The rise of Megan Thee Stallion is here.
Following a whirlwind year and a half in the industry, where we saw the rap-stress go viral with multiple freestyles — one of which, took place on a street corner — release her mixtape Tina Snow, and complete a degree (medical administration) at Texas Southern University,Thee Stallion stops at the height of spring to premiere her new project Fever.
Fever introduces us to Hot Girl Meg, which departs from her Tina Snow alter-ego, last seen on her last 2018 mixtape, which shares the same name. As “Big Ole Freak” continues to climb the Billboard Hot 100 (currently at #65), can the self-proclaimed Houston Hottie deliver more southern anthems?
As Fever begins, we’re instantly taken on a path of anticipation. As the bouncy backing builds to a point that only can be followed by a strong bass, Hot Girl Meg marks her territory. “N*gga, I don’t wanna talk // Meet me at the bank, show me what you really ’bout.” It’s very clear on “Realer” that this is not a drill: The Stallion knows exactly what she wants, and if we fail to deliver, it’s game over.
After taking some time to co-sign City Girls member JT’s release from prison, it’s back to business for Megan. Instantly, somewhere around the minute mark, it’s evident that Tina Snow is in hiding, for now, the aggression of her alter-ego ignites a flame, and if we can’t handle the heat currently on the mic, it’s time to press pause.
“Hood Rat Sh*t” follows and The Houston Hottie has honed in on her rebellious energy; this time, however, it’s directed at having fun, letting loose and grabbing some Hennessy and chicken wings. The chord-driven production guides the way and evokes scenes of forbidden territory. Step foot on Megan The Stallion’s turf and prepare to face the so-called Medusa MC and her gang of girls. The slightly underwhelming element of this track is introduced in its references to Wakanda —the Marvel owned fictional land —despite this brief moment of disappointment, Megan holds her own lyrically here.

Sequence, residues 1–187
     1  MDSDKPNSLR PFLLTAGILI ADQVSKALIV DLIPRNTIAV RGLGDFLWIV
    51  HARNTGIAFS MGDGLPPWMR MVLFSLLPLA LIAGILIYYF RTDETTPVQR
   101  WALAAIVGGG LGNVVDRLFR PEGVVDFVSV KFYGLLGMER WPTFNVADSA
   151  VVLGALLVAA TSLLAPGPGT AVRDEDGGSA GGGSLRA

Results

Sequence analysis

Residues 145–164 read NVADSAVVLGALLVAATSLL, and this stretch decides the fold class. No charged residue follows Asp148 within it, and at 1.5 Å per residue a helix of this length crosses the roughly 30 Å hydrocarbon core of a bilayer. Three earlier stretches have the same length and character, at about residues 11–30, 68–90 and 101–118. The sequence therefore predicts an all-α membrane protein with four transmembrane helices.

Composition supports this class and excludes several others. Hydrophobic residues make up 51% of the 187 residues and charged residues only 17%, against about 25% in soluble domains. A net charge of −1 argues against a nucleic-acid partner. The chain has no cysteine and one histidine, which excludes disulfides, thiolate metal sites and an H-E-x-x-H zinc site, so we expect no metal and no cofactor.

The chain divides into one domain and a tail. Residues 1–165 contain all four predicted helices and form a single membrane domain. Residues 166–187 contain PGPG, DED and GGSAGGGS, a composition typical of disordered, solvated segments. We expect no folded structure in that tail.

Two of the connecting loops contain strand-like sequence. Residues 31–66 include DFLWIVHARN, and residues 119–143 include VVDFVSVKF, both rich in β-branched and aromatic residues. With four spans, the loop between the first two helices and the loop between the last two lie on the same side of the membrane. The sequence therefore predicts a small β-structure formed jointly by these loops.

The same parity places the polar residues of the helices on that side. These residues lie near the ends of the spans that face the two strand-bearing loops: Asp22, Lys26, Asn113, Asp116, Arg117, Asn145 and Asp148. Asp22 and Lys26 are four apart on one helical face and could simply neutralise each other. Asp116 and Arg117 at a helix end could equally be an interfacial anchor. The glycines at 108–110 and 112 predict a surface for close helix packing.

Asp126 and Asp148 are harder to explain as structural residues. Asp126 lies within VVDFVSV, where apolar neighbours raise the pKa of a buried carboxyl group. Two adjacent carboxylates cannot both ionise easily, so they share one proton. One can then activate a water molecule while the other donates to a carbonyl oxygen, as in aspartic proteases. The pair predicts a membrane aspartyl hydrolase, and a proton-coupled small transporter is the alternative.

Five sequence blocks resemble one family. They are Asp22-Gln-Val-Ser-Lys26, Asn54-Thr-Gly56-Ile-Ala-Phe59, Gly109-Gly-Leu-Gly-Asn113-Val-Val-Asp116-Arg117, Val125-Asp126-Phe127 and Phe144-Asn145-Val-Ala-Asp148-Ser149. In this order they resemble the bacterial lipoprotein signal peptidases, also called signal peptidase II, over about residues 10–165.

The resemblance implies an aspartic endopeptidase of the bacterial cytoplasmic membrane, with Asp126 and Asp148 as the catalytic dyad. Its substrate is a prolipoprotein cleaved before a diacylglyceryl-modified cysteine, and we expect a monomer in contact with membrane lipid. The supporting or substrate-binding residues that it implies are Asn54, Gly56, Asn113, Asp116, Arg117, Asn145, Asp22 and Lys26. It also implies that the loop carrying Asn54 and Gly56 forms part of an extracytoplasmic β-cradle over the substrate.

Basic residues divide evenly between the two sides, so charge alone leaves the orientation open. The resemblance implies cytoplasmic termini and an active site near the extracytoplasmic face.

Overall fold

Raunchy Stallion appears to wink at us as “Pimpin” takes the wheel. After being tempted by the prospect of getting sexually stimulated, the MC proclaims that there “ain’t no dick alive that could make me lose my mind,” as she centers her assertiveness yet again and has a message for all of the men in the industry. “Ain’t no n*gga put me on // Hoe I earned my own respect.” Echoing the sass of Trina with the charm to match, the rapper more than earns her title as the head pimp by the end of the synth-heavy three minutes and twenty-four seconds.
Despite putting men on blast, Fever’s only contributions come from male rappers. The Houston artist still loves a bit of fun with the opposite sex, and on the first feature on the LP, DaBaby does not disappoint. Taking things to a new level of intensity, the Ohio based rapper leaves no room for imagination when explaining his sexual intentions. Of-course Megan The Stallion has the penmanship to meet DaBaby in the middle and together the duo give Lil Kim and Sisqo’s “How Many Licks?” a run for its money.
Elsewhere, Juicy J joins Megan at the club (figuratively of course) and the pair collide for a song filled with diverse drum pallets and commands. Paying homage to the Memphis-based underground talent DJ Squeeky —through their choice of sampling of “Looking 4 Da Chewin'” — the pair race across “Simon Says”, keeping the effort all the way southern. Here the formula for Fever begins to manifest; heavy and aggressive production paired with loud and intentional bars and homage to geographical soundscapes are what Fever is striving to be known for, and finally this methodology is realised.
“Dance” again incorporates elements of the 305 and is calling out for a City Girls and The Baddest B*tch feature. However, Hot Girl Meg from a flow perspective sounds repetitive here. If there’s one element that Fever falls short on, it’s the lack of exploration with the delivery of the bars. Even where the rapper does try to implement these flow shifts, it feels as though there’s more experimentation to give.
Ironically, listening to “Sex Talk”, in the context of The Stallions debut album and its placement on it, allows it to stand out a lot more. Sure, it’s definitely in the same lane as “Big Ole Freak” stylistically, however, something about its placing on the project allows the song to give the listener that final dose of thrill to get us to the track 14 mark.
Fever is an ambitious effort. It has all of the sampling, co-signs, references, and confidence to give audiences that resurgence of the southern-sound that’s been missing in mainstream rap for a while. In places, Hot Girl Meg has the heart and ego of Pimp C, her idol. But somewhere throughout, a sense of there being missing components to the set starts to sink in. The album isn’t terrible, but it misses the mark slightly in isolated places. The 300 Entertainment signee does give audiences more than a few standouts, however, and clearly has both the cadence and penmanship to go far, she just needs to focus on developing a more diverse sound if her aim is to penetrate the mainstream fully.